Laws of education lack inclusion during COVID pandemic: UNESCO Report

Fewer than 10% of countries have laws that help ensure full inclusion in education, according to UNESCO’s 2020 Global Education Monitoring Report: Inclusion and education – All means all.

The report provides an in-depth analysis of key factors for exclusion of learners in education systems worldwide including background, identity and ability (i.e. gender, age, location, poverty, disability, ethnicity, language, religion, migration or displacement status, sexual orientation or gender identity expression, incarceration, beliefs and attitudes). The COVID-19 pandemic has exacerbated inequalities in education systems across the world.

According to the report released, about 40% of lower-middle-income countries have not supported learners at risk of exclusion during this crisis, such as the poor, linguistic minorities and learners with disabilities.

The 2020 Global Education Monitoring Report noted that efforts to maintain learning continuity during the pandemic may have actually worsened exclusion trends. During the height of school closures in April 2020, almost 91% of students around the world were out of school.

Here are the key inferences you can take from the report:

  • “Education systems responded with distance learning solutions, all of which offered less or more imperfect substitutes for classroom instruction,” said the report, noting that while many poorer countries opted for radio and television lessons, 55% of low-income, 73% of lower-middle-income and 93% of upper-middle-income countries adopted for online learning platforms for primary and secondary education.
  • India has used a mix of all three systems for educational continuity. “Even as governments increasingly rely on technology, the digital divide lays bare the limitations of this approach. Not all students and teachers have access to adequate internet connection, equipment, skills and working conditions to take advantage of available platforms,” said the report.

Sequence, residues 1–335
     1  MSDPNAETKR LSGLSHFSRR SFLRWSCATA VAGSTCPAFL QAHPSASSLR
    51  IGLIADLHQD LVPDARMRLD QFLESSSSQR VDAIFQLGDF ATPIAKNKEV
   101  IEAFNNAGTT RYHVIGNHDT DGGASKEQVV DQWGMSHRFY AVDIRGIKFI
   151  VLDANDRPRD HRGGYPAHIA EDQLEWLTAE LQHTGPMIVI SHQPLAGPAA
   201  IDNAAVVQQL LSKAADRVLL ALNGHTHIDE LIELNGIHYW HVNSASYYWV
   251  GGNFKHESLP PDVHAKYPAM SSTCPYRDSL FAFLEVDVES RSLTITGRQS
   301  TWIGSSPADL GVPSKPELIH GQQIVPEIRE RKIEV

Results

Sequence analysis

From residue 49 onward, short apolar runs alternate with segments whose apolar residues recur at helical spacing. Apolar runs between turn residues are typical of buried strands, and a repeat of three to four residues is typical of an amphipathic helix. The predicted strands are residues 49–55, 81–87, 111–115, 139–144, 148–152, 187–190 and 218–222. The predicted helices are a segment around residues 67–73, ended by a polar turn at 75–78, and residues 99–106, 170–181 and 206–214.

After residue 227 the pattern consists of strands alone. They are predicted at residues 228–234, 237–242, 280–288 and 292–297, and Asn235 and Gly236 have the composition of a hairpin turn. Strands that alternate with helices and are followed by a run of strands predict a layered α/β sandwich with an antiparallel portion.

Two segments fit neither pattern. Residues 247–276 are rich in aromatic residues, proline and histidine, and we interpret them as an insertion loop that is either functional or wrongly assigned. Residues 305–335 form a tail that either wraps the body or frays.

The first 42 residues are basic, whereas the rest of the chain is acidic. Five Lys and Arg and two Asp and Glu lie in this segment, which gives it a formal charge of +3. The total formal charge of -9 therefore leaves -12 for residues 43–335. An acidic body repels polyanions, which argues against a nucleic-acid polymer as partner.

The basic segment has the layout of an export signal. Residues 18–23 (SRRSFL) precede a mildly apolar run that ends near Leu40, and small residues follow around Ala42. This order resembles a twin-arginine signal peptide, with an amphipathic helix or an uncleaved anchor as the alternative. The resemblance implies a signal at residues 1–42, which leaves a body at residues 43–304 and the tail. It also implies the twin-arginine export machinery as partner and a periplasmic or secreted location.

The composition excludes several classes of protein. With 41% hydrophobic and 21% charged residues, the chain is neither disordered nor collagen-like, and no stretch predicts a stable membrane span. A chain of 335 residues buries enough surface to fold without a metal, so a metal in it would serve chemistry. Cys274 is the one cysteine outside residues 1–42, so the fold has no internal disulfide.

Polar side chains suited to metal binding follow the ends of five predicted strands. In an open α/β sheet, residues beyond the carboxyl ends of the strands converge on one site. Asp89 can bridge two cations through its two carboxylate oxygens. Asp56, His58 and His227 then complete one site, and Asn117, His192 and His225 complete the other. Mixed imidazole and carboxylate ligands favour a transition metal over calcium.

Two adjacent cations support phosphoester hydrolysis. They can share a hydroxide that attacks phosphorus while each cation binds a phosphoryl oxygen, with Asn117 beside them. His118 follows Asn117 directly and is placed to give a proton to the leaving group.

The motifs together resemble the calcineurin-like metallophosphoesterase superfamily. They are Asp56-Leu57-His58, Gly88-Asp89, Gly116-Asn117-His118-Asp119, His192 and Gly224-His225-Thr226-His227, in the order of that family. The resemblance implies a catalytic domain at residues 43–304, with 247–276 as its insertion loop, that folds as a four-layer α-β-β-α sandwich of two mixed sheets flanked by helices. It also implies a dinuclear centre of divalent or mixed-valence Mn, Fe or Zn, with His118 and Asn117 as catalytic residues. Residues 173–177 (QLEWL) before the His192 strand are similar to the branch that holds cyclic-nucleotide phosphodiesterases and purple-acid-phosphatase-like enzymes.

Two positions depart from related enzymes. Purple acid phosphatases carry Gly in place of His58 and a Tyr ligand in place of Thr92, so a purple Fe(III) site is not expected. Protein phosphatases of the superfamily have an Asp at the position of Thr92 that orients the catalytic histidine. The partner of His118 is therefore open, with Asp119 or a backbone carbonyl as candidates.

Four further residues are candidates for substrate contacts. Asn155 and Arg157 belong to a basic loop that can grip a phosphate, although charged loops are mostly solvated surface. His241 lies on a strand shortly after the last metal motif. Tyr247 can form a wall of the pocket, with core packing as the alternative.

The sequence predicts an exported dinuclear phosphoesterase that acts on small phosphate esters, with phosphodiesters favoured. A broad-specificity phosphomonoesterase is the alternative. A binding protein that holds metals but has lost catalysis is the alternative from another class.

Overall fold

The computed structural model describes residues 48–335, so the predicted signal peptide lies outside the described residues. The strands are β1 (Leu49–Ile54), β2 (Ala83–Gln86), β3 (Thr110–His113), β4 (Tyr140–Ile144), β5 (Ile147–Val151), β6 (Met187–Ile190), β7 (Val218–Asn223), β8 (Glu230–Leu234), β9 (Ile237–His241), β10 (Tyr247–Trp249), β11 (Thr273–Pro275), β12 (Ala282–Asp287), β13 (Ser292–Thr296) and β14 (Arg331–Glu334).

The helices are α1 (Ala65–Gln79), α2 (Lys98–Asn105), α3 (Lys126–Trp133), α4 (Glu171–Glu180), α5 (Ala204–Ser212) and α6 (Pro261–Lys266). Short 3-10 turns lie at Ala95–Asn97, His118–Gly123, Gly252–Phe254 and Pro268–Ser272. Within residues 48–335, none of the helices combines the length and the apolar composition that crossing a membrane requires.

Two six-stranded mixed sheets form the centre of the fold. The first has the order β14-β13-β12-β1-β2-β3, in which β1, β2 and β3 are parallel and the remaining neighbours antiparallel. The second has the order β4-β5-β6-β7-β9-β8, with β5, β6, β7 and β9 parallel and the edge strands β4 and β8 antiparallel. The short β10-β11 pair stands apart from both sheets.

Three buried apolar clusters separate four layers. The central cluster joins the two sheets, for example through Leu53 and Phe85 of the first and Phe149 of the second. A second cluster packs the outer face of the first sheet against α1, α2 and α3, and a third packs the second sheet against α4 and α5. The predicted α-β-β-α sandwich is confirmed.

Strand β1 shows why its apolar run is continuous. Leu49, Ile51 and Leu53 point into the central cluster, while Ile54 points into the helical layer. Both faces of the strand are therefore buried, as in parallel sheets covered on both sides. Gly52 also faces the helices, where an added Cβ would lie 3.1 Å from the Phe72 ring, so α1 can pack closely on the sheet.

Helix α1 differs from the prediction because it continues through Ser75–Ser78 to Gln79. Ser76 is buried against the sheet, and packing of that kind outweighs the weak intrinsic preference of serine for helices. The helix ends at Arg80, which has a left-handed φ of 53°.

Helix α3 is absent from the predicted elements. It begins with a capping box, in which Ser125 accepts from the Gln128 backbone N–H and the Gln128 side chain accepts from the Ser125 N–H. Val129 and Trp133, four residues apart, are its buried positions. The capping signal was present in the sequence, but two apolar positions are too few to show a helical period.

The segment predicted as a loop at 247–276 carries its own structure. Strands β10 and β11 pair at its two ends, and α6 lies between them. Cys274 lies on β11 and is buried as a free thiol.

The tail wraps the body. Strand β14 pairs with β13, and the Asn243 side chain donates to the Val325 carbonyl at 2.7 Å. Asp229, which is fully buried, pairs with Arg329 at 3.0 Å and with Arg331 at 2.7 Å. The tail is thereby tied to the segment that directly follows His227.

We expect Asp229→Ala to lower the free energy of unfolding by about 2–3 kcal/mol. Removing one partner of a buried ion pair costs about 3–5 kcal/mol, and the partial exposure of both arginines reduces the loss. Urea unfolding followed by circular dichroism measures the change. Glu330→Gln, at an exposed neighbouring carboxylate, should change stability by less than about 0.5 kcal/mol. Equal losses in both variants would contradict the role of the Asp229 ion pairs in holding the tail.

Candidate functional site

• School closures also interrupted support mechanisms from which many disadvantaged learners benefit. Resources for blind and deaf students may not be available outside schools, while children with learning disabilities or those who are on the autism spectrum may struggle with independent work in front of a computer or the disruption of daily school routines, said the report.
  • For poor students who depend on school for free meals or even free sanitary napkins, closures have been a major blow.
  • Cancellation of examinations in many countries, including India, may result in scoring dependent on teachers’ judgement of students instead, which could be affected by stereotypes of certain types of students, said the report.
  • Higher drop-out rates are also a concern; during an earlier Ebola epidemic in Africa, many older girls never returned to school once the crisis was over.

In order to combat the situation, 17% of low and middle-income countries are planning to recruit more teachers, 22% to increase class time and 68% to introduce remedial classes when schools reopen, said the report. “How such classes are planned and targeted will be critical to whether disadvantaged students can catch up,” it added.